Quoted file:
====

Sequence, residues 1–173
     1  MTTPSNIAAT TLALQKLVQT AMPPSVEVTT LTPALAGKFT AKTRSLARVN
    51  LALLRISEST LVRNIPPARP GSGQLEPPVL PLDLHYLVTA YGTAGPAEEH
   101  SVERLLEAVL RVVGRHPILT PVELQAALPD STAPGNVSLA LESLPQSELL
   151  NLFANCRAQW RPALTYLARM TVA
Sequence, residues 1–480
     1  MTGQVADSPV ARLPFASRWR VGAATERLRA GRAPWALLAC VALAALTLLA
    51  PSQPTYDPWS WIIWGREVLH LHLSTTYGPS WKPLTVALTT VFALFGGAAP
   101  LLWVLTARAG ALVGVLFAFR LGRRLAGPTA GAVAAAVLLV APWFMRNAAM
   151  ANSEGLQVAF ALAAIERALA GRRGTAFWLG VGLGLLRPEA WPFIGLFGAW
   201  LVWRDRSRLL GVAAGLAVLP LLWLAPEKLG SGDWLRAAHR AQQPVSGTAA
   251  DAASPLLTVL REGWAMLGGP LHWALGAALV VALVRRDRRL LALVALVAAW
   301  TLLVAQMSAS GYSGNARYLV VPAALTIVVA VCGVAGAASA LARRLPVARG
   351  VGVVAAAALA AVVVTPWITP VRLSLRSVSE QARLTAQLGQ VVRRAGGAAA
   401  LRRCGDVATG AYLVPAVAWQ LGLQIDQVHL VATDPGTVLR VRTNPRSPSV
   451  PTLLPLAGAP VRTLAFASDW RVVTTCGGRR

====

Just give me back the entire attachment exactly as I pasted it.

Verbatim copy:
Sequence, residues 1–173
     1  MTTPSNIAAT TLALQKLVQT AMPPSVEVTT LTPALAGKFT AKTRSLARVN
    51  LALLRISEST LVRNIPPARP GSGQLEPPVL PLDLHYLVTA YGTAGPAEEH
   101  SVERLLEAVL RVVGRHPILT PVELQAALPD STAPGNVSLA LESLPQSELL
   151  NLFANCRAQW RPALTYLARM TVA
Sequence, residues 1–480
     1  MTGQVADSPV ARLPFASRWR VGAATERLRA GRAPWALLAC VALAALTLLA
    51  PSQPTYDPWS WIIWGREVLH LHLSTTYGPS WKPLTVALTT VFALFGGAAP
   101  LLWVLTARAG ALVGVLFAFR LGRRLAGPTA GAVAAAVLLV APWFMRNAAM
   151  ANSEGLQVAF ALAAIERALA GRRGTAFWLG VGLGLLRPEA WPFIGLFGAW
   201  LVWRDRSRLL GVAAGLAVLP LLWLAPEKLG SGDWLRAAHR AQQPVSGTAA
   251  DAASPLLTVL REGWAMLGGP LHWALGAALV VALVRRDRRL LALVALVAAW
   301  TLLVAQMSAS GYSGNARYLV VPAALTIVVA VCGVAGAASA LARRLPVARG
   351  VGVVAAAALA AVVVTPWITP VRLSLRSVSE QARLTAQLGQ VVRRAGGAAA
   401  LRRCGDVATG AYLVPAVAWQ LGLQIDQVHL VATDPGTVLR VRTNPRSPSV
   451  PTLLPLAGAP VRTLAFASDW RVVTTCGGRR